Had the Italian Admiral been able to send a torpedo-boat or two after the fugitives they would no doubt soon have been overhauled, yet circumstances had prevented this and the Lola had consequently escaped.

For purposes of their own the police kept the affair out of the papers, and when Frank Hutcheson stepped out of the sleeping-car from Paris on to the platform at Pisa a few nights afterwards, I related to him the extraordinary story.

"The scoundrels wanted these, that's evident," he responded, holding up the small, strong, leather hand-bag he was carrying, and which contained his jealously-guarded ciphers. "By Jove!" he laughed, "how disappointed they must have been!"

"It may be so," I said, as we entered the midnight train for Leghorn. "But my own theory is that they were searching for some paper or other that you possess."

"What can my papers concern them?" exclaimed the jovial, round-faced Consul, a man whose courtesy is known to every skipper trading up and down the Mediterranean, and who is perhaps one of the most cultured and popular men in the British Consular Service. "I don't keep bank notes in that safe, you know. We fellows in the Service don't roll in gold as our public at home appears to think."

"No. But you may have something in there which might be of value to them. You're often the keeper of valuable documents belonging to Englishmen abroad, you know."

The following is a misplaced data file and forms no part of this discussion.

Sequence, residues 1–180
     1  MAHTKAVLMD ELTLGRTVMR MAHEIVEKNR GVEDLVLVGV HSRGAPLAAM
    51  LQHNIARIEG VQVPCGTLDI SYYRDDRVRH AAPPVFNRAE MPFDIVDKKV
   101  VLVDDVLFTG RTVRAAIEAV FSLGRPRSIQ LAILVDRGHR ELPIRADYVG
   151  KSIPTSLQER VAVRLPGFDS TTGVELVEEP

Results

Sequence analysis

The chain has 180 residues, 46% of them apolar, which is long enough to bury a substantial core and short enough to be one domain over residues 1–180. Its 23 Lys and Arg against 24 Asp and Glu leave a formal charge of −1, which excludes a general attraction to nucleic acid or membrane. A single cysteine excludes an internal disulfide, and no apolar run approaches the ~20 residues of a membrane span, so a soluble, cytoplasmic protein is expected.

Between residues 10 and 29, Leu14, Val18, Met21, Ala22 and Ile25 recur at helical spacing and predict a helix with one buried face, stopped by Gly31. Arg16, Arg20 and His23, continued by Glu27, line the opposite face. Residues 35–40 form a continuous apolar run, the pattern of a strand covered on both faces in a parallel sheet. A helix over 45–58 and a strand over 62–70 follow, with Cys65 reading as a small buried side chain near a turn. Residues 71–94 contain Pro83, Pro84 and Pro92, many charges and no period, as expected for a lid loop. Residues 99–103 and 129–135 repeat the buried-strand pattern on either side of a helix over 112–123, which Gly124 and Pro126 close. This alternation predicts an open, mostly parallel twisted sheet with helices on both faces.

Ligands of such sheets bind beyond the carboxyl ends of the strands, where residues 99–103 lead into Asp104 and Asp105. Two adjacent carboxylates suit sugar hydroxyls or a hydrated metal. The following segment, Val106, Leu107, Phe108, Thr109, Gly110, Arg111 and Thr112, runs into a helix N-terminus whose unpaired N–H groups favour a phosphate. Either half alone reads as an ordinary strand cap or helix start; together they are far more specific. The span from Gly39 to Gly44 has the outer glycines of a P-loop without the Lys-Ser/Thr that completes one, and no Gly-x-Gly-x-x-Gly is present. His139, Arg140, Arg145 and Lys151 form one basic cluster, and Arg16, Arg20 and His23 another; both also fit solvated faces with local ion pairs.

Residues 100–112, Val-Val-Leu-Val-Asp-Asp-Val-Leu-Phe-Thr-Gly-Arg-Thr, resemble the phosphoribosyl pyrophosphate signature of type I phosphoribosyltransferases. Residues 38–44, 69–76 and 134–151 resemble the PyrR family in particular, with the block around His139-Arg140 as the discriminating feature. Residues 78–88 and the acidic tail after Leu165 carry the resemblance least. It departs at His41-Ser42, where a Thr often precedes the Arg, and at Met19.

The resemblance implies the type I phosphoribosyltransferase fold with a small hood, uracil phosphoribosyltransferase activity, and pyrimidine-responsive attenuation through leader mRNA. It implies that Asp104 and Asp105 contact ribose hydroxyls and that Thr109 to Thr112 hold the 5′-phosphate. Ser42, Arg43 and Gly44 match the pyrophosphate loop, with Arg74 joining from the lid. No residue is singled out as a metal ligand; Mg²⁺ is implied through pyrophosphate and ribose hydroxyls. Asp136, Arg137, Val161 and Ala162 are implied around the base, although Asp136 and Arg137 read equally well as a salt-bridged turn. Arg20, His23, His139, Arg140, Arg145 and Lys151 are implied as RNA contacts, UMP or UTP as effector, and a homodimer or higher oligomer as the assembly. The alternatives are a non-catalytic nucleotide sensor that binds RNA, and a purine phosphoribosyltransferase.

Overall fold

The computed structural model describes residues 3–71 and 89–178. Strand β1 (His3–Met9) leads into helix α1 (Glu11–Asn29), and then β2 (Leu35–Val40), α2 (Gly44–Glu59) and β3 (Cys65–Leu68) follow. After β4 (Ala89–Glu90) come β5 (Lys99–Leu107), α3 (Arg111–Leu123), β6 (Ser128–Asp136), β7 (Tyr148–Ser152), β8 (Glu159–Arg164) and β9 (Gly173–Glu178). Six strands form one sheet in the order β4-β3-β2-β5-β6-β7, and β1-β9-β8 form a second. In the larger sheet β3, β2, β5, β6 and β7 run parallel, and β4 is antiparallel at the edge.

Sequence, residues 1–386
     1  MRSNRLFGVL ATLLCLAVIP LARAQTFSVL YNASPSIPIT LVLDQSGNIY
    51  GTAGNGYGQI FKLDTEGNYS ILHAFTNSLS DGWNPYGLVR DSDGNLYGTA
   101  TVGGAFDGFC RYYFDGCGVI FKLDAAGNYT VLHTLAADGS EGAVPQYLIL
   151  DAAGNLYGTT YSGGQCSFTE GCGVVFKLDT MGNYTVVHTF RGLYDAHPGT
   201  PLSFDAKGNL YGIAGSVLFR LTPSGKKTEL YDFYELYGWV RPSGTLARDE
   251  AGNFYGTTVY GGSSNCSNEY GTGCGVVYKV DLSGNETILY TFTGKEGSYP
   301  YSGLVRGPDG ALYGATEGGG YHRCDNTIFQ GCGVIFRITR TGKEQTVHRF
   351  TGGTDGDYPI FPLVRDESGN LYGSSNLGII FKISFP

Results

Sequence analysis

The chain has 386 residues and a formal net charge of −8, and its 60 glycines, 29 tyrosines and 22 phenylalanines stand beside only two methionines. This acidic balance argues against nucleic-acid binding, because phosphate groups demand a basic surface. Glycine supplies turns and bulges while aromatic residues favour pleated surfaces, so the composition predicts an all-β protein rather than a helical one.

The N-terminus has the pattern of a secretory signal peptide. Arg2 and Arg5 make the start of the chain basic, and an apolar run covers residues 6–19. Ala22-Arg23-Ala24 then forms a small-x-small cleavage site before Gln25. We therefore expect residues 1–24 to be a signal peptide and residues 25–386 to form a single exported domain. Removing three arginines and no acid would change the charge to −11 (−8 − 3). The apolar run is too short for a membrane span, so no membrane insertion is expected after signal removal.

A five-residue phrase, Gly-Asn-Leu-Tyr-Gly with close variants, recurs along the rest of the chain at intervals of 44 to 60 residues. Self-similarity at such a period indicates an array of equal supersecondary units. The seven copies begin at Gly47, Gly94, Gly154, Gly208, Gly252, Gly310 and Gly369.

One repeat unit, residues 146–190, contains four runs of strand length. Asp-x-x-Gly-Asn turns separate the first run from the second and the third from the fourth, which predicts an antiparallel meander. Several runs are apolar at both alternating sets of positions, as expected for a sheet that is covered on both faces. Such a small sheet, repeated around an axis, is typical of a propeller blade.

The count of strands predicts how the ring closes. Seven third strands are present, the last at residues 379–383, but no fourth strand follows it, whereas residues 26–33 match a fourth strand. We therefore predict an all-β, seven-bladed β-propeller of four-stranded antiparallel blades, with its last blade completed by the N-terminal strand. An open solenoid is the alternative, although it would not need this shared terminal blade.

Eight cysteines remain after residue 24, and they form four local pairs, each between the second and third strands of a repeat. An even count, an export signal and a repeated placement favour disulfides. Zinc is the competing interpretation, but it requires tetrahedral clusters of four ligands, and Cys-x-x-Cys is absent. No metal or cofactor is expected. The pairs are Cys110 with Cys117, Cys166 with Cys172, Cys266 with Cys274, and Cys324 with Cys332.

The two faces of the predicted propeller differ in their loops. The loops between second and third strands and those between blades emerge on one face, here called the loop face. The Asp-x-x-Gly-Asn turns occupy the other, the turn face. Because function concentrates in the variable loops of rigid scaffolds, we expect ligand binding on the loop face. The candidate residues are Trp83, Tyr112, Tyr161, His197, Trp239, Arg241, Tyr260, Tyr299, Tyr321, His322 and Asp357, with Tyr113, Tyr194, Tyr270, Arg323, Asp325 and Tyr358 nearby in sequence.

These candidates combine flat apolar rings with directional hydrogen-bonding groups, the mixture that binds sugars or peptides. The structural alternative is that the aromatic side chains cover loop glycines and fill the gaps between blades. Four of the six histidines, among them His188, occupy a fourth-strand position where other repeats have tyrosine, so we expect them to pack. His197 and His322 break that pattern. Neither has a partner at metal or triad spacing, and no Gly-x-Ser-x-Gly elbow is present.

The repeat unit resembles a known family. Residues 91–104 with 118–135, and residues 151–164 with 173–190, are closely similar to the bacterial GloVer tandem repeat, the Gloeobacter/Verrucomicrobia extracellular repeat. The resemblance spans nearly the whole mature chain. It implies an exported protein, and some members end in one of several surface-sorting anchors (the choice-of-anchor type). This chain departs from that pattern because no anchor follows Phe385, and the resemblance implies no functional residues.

"Certainly. But there's nothing in there just now except, perhaps, the registers of births, marriages and deaths of British subjects, and the papers concerning a Board of Trade inquiry. No, my dear Gordon, depend upon it that the yacht running ashore was all a blind. They did it so as to be able to get the run of the Consulate, secure the ciphers, and sail merrily away with them. It seems to me, however, that they gave you a jolly good dinner and got nothing in return."

"They might very easily have carried me off too," I declared.

"Perhaps it would have been better if they had. You'd at least have had the satisfaction of knowing what their little game really was!"

"But the man and the woman who left the yacht an hour before she sailed, and who slipped away into the country somewhere! I wonder who they were? Hornby distinctly told me that he and Chater were alone, and yet there was evidently a lady and a gentleman on board. I guessed there was a woman there, from the way the boudoir and ladies' saloon were arranged, and certainly no man's hand decorated a dinner table as that was decorated."

"Yes. That's decidedly funny," remarked the Consul thoughtfully. "They went to Colle Salvetti, you say? They changed there, of course. Expresses call there, one going north and the other south, within a quarter of an hour after the train arrives from Leghorn. They showed a lot of ingenuity, otherwise they'd have gone direct to Pisa."